A moment in time has been sticking in my head like a needle on a dusty record ever since Reignwolf showered Brooklyn in their intoxicating rock, diving right in with fans in the small confines of Baby’s All Right. The memory that’s been on repeat took place during what is arguably the peak moment of Wanna Don’t Wanna” – when everything else cuts out and it’s just Jordan Cook alone, pleading in his dark and rugged voice: “I want time with you! I want time with you!” repeating it twice more until the drums drop us back into the track’s killer riff. What really gave me chills when they played it live was hearing such a huge portion of the crowd shouting right through the break with Cook, the many hands in the air pointing fiercely at the frontman all at once. Of course, it’s not surprising that fans would participate loudly during a scorching rock show taking place in a tiny room – the reason it struck me is that Reignwolf’s debut album, Hear Me Out, on which the song appears, had only been released nine days prior. I was clearly not alone in having spun the album to death in the short period of time leading up to their Brooklyn show, so much so that the lyrics already felt instinctive and spilled out right on cue.

The album’s words were burned in my brain, so when Cook called me up a few days before that all happened, I started indulging in lyric analysis immediately. That led to a funny start in which he revealed that many of the songs on the album are so personal to him, he can’t really verbalize their origin. “Well,” he paused pensively as soon as I dug into “Keeper.” “That’s definitely one that was really personal to me…and you know, I would say…” he paused again, letting out his contagious laugh. “To me, it’s whatever you want it to be, but it felt really true for me. I don’t really know exactly how to answer that question, because it’s one of the closest things to me. I find that there are songs where you can actually feel when I’m saying something, versus just doing it to say something,” the nuance was subtle and very much in his tone, but he finished his thought with a simple “You know” that would make anyone feel cool; as if he understood that I understood. He made me feel like we were speaking the same secret code.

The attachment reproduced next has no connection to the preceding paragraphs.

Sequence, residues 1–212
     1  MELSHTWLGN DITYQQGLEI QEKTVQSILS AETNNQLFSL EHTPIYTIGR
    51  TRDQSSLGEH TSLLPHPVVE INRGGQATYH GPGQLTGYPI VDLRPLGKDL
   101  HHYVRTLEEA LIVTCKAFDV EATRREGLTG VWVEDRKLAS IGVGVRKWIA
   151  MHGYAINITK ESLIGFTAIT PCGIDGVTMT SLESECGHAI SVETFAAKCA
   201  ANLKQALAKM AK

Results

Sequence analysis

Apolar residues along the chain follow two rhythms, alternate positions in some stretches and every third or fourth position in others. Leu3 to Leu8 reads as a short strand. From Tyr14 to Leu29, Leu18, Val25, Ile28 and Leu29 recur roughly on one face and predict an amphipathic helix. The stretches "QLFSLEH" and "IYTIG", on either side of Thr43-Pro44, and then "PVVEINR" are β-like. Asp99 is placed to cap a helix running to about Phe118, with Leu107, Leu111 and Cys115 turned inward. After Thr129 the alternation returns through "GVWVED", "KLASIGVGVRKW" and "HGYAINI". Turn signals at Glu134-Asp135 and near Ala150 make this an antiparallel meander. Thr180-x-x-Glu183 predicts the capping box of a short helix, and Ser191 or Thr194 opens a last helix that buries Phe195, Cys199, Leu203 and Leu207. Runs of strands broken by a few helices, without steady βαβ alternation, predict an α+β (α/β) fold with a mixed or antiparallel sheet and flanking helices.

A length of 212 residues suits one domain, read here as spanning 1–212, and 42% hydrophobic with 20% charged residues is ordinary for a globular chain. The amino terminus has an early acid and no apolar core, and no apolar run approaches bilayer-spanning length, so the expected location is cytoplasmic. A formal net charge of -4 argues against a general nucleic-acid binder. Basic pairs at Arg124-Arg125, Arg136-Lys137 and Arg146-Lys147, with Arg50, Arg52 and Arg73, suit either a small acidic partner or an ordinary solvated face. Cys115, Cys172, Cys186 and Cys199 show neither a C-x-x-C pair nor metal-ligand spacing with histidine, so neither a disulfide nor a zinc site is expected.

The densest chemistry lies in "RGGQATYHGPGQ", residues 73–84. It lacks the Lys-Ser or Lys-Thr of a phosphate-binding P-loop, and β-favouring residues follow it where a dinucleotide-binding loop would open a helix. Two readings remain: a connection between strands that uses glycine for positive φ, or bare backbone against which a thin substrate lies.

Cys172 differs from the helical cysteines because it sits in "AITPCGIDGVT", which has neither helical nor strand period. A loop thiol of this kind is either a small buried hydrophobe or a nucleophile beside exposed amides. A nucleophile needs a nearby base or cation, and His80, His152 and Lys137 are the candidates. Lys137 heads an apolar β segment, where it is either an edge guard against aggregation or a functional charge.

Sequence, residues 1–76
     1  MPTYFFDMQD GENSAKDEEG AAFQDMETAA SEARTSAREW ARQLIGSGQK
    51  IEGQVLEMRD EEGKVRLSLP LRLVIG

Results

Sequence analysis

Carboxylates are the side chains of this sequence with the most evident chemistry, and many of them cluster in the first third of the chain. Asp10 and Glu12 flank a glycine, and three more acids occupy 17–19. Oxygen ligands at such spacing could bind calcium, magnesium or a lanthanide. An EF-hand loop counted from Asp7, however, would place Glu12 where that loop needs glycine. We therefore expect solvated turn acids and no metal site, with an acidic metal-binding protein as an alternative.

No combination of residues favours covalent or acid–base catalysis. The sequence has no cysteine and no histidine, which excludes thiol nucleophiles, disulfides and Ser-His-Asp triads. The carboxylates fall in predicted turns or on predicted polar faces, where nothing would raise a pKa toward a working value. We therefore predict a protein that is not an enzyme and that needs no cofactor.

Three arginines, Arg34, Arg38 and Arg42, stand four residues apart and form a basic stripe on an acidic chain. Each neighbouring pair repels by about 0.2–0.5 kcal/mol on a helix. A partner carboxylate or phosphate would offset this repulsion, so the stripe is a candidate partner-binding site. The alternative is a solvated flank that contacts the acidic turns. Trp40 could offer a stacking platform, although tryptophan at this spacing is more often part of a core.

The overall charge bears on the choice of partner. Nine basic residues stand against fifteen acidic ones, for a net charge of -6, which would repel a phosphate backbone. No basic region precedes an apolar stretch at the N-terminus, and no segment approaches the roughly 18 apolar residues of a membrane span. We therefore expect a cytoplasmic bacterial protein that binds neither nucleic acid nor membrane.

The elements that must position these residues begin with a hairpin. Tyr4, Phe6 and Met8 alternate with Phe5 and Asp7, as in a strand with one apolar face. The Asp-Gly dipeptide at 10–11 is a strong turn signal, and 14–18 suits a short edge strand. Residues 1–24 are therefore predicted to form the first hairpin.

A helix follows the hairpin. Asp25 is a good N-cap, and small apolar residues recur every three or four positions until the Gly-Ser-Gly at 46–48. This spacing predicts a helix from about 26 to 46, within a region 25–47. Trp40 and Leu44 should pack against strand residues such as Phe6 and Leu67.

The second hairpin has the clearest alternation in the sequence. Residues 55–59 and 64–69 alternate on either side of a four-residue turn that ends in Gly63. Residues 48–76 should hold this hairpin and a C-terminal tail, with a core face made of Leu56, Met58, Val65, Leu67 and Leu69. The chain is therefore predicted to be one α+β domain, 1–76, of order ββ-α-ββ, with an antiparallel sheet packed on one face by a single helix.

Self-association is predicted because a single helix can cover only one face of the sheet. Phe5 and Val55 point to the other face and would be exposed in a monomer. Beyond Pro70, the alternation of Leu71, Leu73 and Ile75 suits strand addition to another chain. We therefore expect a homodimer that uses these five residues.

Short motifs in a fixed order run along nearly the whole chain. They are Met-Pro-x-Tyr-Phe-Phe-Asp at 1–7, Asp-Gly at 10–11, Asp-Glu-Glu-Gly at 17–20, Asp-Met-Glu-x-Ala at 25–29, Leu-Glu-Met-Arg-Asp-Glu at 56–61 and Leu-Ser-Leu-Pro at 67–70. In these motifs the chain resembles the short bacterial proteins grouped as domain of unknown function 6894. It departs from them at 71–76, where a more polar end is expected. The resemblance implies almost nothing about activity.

“‘Over & Over’ is another one that’s just really personal,” Cook confessed. “As a band, touring all the time and doing all the things we’re doing, you know, you hear a lot of people talking. There’s excitement, and there’s also other people saying other things. And you need to pull through and basically be a wolf.” I could hear a grin on his lips. “And that song, to me, kind of addresses that a little bit.” When I brought up the line, “Everyone, analyze, every note and they criticize,” he added, “We’re in a time now where it’s so easy to pick things apart, versus relax and just listen to them for what they are. That one really stands close to me because it’s like – last night, we’re in Seattle and it was a sold-out show, and people are just the best. And people are screaming about how they don’t have our vinyl yet, and all this stuff. And I’m like, ‘Look, it’s coming. It’s coming! It’s all happening! Let’s all just get along for a second here!” he cracked up a little as he recalled his reaction; his tone was that of someone trying to soothe a pitchfork-wielding mob. I could relate to his Seattle fans, having repeatedly scoured Reignwolf’s site for the vinyl (it’s there now!). “It’s one of those things that it’s a good problem to have people talking, but at the same time, also, I just wish people could relax and listen to the music for what it is, versus feeling a sense of…” It seemed that “entitlement” might be on the tip of his tongue, but he chuckled instead and replaced it with another cool “You know.” It was right about then that I realized something about Jordan’s personality: he seems way too excited about creating good things to even give a name to the bad ones. Every answer was filled with gratitude, laughter, and an intent focus on the music. “For me, it has always been really personal, when I play. And keeping it raw is just very important to me.”